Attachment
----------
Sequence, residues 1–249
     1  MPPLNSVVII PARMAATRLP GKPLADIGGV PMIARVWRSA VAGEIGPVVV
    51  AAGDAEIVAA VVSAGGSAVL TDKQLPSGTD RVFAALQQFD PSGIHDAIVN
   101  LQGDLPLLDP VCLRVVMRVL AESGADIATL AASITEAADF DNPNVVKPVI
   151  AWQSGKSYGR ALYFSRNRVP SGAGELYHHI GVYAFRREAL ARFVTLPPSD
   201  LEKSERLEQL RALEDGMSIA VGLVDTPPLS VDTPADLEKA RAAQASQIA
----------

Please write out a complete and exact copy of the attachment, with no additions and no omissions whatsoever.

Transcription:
Sequence, residues 1–249
     1  MPPLNSVVII PARMAATRLP GKPLADIGGV PMIARVWRSA VAGEIGPVVV
    51  AAGDAEIVAA VVSAGGSAVL TDKQLPSGTD RVFAALQQFD PSGIHDAIVN
   101  LQGDLPLLDP VCLRVVMRVL AESGADIATL AASITEAADF DNPNVVKPVI
   151  AWQSGKSYGR ALYFSRNRVP SGAGELYHHI GVYAFRREAL ARFVTLPPSD
   201  LEKSERLEQL RALEDGMSIA VGLVDTPPLS VDTPADLEKA RAAQASQIA